Welcome to this adult development course. This is the study of how and why people change or remain the same over time. Although this course is often offered in psychology, this is a very interdisciplinary course. Psychologists, nutritionists, sociologists, anthropologists, educators, and health care professionals all contribute to our knowledge of the life span. We will look at how we change physically over time from emerging and early adulthood through aging and death. We will examine cognitive change, or how our ability to think and remember changes over time. We will consider how our concerns and psychological state are influenced by age and finally, how our social relationships change throughout life.
The American LGBTQ Rights Movement: An Introduction is a peer-reviewed chronological survey of the LGBTQ fight for equal rights from the turn of the 20th century to the early 21st century. Illustrated with historical photographs, the book beautifully reveals the heroic people and key events that shaped the American LGBTQ rights movement. The book includes personal narratives to capture the lived experience from each era, as well as details of essential organizations, texts, and court cases that defined LGBTQ activism and advocacy.
Through employing the sociological imagination, Lauren Rodriguez, Bryan Thomas, Kristin Walters, and Jennifer Vidal examined pieces of literature that can help us understand the dynamics of power structures affecting the interplay of individuals and society.
A Career in Sociology was written for introductory undergraduate courses on sociological practice. The book was designed for faculty and students searching for an open educational resource (OER) that provides sociological terms, concepts, and theories in the study of sociological practice. To adapt to the educational needs of individuals using this book, the instructor or learner must understand the underlying content. And, instructional approach may require additional resources and/or other methods to make the learning experience her or his own.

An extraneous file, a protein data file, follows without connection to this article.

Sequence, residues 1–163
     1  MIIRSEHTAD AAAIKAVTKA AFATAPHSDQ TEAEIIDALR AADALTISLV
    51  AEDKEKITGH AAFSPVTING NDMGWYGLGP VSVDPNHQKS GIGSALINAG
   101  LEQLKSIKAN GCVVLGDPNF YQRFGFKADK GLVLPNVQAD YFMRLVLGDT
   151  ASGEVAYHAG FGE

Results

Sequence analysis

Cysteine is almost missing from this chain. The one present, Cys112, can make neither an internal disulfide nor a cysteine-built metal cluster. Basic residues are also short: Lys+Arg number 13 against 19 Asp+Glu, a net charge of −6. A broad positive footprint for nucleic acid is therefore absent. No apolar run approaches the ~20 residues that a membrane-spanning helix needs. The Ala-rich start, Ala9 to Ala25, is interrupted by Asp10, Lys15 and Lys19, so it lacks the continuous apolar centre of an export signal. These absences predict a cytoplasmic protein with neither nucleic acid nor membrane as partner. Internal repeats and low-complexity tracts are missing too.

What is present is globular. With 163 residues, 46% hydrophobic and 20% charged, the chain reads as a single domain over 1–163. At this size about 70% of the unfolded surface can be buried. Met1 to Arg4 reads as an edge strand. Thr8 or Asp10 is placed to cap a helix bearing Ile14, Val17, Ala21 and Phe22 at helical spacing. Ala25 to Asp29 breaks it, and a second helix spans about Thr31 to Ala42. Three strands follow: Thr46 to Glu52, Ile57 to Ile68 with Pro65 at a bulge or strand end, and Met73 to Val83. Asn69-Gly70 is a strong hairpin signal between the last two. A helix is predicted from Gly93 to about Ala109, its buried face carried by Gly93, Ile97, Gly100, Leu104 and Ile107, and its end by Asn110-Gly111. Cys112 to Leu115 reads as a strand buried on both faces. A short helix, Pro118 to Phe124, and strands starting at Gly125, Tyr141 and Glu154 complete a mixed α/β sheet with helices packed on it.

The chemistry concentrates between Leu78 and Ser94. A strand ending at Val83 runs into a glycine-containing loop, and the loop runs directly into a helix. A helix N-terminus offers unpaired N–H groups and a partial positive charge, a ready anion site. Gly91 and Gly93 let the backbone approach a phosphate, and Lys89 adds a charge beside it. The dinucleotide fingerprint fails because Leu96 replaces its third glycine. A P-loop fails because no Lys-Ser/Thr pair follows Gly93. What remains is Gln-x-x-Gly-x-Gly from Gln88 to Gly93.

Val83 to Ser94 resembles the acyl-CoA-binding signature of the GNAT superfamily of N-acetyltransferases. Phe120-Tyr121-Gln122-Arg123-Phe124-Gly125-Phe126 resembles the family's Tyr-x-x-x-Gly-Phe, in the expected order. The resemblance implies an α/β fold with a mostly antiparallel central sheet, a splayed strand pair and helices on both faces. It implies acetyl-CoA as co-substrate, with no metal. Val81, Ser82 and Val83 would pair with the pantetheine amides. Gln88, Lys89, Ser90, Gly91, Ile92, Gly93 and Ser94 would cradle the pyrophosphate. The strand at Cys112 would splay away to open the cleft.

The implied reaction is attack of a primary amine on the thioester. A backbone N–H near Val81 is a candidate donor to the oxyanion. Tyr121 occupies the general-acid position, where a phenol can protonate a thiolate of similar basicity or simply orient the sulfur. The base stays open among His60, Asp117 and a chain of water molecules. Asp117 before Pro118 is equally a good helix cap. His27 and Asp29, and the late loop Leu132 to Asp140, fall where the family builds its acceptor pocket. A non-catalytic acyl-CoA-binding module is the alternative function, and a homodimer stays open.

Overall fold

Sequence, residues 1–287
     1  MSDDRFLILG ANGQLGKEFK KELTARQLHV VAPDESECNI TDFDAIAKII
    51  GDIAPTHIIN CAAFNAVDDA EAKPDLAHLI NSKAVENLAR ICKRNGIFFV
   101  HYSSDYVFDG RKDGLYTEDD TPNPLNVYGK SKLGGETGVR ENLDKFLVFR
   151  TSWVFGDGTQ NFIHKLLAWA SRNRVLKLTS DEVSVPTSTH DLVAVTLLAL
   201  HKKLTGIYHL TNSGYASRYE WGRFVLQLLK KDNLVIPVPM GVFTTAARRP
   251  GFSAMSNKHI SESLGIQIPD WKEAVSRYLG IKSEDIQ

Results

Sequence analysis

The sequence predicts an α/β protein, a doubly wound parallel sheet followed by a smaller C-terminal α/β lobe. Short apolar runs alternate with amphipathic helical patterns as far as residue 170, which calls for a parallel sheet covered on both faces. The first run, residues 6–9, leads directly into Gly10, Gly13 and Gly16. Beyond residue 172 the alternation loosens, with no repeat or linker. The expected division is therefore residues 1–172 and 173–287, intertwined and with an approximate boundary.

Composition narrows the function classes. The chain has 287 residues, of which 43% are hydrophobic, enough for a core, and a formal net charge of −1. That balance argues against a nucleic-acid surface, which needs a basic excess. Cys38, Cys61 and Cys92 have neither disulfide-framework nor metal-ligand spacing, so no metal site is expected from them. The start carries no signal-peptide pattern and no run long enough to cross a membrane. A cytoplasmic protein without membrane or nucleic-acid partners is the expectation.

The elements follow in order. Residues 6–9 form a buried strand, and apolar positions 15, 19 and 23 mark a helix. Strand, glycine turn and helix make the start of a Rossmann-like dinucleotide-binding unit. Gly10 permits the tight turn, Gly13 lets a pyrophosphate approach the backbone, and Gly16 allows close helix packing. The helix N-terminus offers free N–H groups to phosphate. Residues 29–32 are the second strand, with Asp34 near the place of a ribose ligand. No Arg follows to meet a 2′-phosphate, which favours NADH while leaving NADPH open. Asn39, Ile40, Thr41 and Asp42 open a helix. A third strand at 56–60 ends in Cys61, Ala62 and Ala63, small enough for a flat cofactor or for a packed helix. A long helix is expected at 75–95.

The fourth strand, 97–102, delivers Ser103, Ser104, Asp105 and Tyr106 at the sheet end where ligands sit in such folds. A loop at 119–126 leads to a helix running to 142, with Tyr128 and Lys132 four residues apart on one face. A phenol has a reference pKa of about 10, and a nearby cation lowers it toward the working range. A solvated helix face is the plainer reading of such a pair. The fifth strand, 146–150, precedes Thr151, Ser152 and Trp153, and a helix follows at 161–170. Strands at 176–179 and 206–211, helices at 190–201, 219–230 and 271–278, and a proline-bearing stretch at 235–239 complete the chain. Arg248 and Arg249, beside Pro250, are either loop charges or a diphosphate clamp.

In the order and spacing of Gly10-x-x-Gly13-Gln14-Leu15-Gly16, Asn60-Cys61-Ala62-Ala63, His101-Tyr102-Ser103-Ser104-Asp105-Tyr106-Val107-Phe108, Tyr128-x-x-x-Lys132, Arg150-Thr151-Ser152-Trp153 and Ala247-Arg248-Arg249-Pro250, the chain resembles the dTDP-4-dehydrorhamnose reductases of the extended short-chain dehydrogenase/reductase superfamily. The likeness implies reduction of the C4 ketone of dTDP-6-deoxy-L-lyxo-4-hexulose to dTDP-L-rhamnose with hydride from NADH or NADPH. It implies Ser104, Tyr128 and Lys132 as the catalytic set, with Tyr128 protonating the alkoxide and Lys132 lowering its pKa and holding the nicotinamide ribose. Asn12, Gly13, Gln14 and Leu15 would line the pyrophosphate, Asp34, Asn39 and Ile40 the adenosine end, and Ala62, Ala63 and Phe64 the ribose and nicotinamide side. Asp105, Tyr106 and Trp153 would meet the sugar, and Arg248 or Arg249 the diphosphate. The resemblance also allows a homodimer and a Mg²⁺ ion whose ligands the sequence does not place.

Children, Families, Schools, and Communities is introductory text in the field of Child and Family Studies. It provides a lens for understanding the evolving definition of “family” through socially constructed and ecological theory frameworks. It promotes strategies for culturally sustaining and deeply collaborative relationships between families, schools, and communities through the use of home-grown advocacy strategies based on community-driven data. Children, Families, Schools, and Communities is an adapted OER text from Rebecca Laff’s and Wendy Ruiz’s Child, Family, and Community.
Ce livre propose les portraits de 31 femmes de différents pays et de différentes époques qui ont un point commun : elles se sont engagées à un moment de leur vie pour transformer la société dans laquelle elles vivaient, dans l’espoir de la rendre plus vivable, plus juste, plus équitable, plus libre.
Comment s’engager dans des actions en faveur de la vie et du bien commun en cette période marquée par des problèmes d’envergure planétaire tels que le réchauffement climatique, la pollution accrue, l’acidification des océans ou les menaces sur la biodiversité? Des gouvernements tentent tant bien que mal de s’entendre pour agir.
The Community Tool Box is a free, online resource for those working to build healthier communities and bring about social change. Our mission is to promote community health and development by connecting people, ideas, and resources. The Community Tool Box is a public service developed and managed by the KU Center for Community Health and Development and partners nationally and internationally. The Tool Box is a part of the Center’s role as a designated World Health Organization Collaborating Centre for Community Health and Development.
Professors and instructors from various disciplines use the Community Tool Box as a resource for their teaching. The Tool Box is often used as course text in the fields of public health, community psychology, nursing, social welfare, and other applied fields.
Chapter 1. Our Model for Community Change and Improvement
Chapter 2. Other Models for Promoting Community Health and Development
Chapter 3. Assessing Community Needs and Resources
Chapter 4. Getting Issues on the Public Agenda
Chapter 5. Choosing Strategies to Promote Community Health and Development
Chapter 6. Communications to Promote Interest
Chapter 7. Encouraging Involvement in Community Work
Chapter 8. Developing a Strategic Plan
Chapter 9. Developing an Organizational Structure for the Initiative
Chapter 10. Hiring and Training Key Staff of Community Organizations
Chapter 11. Recruiting and Training Volunteers
Chapter 12. Providing Training and Technical Assistance